The smart home revolution across the nation is going strong as Millennials become the largest generation of homeowners at 43%. Up to 27% of households in the US have a smart home product within their property. However, one aspect remains a thorn in the side for smart home technology: security concerns.

Why You Need to Worry About Security for Smart Home Technology

A 2016 report by Avast showed that 40.8% of smart homes have at least one device that is vulnerable to cyber-attacks. Additionally, an estimated 35% of home broadband customers had a data security issue over the past year. As cybercriminals find new and ingenious ways to hack their way into IoT, homeowners have the responsibility to ensure that the devices they connect to their smart home network do not compromise their security.

Here are five ways you can beef up your security for smart home technology.

Use A Two-Factor Authentication

You may need to take proactive steps to better the security of smart home technology. Most apps and smart devices now allow users to opt into a two-step authentication process before anyone can access the account. The two-factor verification may reduce the risk of a brute force attack, with the user receiving alerts and notifications of the login attempts.

Change Your Passwords and Usernames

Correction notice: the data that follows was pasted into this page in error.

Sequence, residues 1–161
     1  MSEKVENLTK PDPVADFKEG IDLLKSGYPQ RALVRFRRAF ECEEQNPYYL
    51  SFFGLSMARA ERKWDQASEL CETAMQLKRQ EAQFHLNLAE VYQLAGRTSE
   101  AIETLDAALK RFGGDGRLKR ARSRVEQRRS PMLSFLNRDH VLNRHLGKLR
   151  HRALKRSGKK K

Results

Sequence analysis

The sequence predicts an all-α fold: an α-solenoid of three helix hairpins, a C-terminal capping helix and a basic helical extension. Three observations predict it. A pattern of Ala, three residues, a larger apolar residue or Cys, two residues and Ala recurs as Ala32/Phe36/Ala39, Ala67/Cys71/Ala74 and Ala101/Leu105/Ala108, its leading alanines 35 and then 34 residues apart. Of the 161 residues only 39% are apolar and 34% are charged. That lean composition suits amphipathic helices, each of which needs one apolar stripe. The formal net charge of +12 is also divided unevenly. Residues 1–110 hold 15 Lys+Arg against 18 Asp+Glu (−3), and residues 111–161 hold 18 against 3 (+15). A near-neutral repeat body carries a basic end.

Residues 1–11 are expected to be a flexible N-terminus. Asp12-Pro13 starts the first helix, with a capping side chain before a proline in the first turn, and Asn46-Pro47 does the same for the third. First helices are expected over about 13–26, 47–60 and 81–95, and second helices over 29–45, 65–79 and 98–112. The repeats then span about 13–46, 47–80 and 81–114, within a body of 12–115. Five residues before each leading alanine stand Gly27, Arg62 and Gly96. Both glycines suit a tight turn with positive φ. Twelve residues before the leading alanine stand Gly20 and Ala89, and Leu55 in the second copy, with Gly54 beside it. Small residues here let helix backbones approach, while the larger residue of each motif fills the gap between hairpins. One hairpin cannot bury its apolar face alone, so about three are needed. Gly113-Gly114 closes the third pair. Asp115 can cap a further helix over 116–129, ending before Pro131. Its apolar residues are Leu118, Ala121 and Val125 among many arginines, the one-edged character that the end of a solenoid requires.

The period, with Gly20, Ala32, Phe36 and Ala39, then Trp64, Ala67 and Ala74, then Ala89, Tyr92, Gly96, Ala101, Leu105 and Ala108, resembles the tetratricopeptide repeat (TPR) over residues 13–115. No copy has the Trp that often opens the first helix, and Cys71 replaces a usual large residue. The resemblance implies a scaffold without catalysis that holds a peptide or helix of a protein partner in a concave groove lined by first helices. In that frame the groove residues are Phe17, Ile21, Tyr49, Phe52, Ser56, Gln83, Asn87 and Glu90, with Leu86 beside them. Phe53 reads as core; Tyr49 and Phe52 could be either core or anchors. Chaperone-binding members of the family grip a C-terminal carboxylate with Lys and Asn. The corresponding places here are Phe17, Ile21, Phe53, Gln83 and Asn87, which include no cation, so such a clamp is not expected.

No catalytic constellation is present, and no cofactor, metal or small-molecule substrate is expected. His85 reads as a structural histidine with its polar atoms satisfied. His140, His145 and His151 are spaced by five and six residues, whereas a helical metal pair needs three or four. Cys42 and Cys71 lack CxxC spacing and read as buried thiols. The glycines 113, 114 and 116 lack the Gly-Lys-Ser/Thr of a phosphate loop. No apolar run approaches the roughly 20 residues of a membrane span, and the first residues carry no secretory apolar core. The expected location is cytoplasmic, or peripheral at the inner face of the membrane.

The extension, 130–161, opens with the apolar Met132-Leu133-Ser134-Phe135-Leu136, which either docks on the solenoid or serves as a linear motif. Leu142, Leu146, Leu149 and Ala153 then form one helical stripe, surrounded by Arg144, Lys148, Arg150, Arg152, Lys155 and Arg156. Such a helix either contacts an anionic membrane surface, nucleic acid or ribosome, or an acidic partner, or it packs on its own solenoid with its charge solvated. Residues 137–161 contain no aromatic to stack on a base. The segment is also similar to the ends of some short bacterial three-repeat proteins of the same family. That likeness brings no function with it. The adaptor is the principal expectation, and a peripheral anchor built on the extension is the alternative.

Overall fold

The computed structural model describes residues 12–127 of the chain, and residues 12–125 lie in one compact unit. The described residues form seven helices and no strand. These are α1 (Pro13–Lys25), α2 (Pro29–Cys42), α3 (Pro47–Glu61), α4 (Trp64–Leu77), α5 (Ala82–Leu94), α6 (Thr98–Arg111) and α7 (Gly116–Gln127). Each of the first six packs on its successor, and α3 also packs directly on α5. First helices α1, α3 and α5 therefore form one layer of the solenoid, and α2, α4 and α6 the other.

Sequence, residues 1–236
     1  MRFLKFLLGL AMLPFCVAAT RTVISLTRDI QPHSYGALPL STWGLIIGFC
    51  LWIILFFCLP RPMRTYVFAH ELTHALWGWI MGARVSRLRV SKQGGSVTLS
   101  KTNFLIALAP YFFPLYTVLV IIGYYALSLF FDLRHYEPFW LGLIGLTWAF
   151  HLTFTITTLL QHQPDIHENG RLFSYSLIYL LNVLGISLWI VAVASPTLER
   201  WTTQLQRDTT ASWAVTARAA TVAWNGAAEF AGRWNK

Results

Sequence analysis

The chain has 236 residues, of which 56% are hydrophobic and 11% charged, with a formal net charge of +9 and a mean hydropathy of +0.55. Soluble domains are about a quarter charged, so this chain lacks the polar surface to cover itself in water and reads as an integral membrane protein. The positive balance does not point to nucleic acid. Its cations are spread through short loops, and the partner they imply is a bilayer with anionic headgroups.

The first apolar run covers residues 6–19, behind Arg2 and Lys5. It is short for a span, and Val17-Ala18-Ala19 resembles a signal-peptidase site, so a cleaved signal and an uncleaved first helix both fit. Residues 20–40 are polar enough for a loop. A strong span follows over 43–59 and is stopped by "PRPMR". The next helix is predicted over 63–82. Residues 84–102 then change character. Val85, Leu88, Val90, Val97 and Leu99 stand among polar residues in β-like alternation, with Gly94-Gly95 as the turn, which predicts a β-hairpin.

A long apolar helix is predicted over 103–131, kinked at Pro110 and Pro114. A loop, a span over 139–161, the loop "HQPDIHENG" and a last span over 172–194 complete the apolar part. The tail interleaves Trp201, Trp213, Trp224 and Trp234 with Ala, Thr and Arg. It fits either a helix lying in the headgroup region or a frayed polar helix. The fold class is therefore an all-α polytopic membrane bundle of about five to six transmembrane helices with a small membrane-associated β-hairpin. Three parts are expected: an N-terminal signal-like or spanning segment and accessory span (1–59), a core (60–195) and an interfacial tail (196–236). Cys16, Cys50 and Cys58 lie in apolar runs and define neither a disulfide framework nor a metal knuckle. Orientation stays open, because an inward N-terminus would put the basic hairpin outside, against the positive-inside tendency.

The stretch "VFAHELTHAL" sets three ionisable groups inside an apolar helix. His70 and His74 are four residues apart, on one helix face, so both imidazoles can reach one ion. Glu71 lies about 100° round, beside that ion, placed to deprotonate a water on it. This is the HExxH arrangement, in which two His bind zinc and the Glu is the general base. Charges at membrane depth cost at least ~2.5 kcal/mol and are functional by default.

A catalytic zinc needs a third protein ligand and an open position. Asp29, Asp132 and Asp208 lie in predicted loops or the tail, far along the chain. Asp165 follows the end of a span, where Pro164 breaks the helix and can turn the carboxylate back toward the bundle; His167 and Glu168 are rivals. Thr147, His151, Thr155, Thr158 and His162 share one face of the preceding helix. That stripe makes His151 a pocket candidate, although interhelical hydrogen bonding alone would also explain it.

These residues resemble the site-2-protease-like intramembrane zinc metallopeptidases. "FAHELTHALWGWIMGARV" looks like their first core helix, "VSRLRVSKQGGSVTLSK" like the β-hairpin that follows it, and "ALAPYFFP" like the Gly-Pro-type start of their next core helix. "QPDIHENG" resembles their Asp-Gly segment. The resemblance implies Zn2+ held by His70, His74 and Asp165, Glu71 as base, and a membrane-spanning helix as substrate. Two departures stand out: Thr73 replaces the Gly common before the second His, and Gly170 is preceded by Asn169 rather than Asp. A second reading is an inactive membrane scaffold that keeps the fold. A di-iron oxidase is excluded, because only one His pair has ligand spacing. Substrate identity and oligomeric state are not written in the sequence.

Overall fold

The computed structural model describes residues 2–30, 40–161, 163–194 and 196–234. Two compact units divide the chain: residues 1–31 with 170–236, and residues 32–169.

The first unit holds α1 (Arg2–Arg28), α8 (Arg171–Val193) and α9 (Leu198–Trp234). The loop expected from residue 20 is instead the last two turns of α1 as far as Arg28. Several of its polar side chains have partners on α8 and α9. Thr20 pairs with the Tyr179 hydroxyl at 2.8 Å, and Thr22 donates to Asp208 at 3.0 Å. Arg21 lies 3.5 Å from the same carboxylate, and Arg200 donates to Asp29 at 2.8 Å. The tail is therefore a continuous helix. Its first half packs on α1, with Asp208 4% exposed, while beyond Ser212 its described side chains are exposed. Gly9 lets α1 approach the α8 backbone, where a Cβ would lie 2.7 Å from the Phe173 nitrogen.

About 69.2% of threats to security for smarthome technology arise from weak credentials. The router and other smart devices around your home may come with default names and passwords from the manufacturer. Leaving your username open may aid hackers to identify the make and model of your IoT device, increasing the chance of a successful brute force attack. Create passwords that are unrelated to any of your kin, pets, or hobbies. You can use a password generator to create random combinations for your devices with a password manager to help you remember all of them.

Disable Features You Don’t Need

According to Avast, the most common culprit for cyberattacks in homes is the smart printer. Such devices may have default, unknown features that may set your home up for hacks. Turning off features that you do not use can minimize the risk of a backend entry to your home automation system.

Regularly Update the Software

A third of smart homes are vulnerable to remote attacks due to outdated software. Most IoT devices are not designed with security for smarthome technology in mind. As manufacturers try to catch up with the regulations and the ever-changing cyber crime enterprise, they may release security patches for their products that may help seal loopholes in previous versions. Keeping your audio-visual solutions up to date can help fix the bugs in the current system.

Request an Expert Audit

You can request your wireless networking provider to carry out a security audit for your system. The network security experts can help identify loopholes within your current devices and provide recommendations for patching them. Additionally, the network provider can help set up a guest network from your router, providing your IoT devices with a dedicated network.

While a connected home may be more comfortable and convenient to live in, it may remain vulnerable to security issues. The tips above can help you improve your security for smarthome technology. For more information on home automation security, wired network solutions and managed services contact Trident.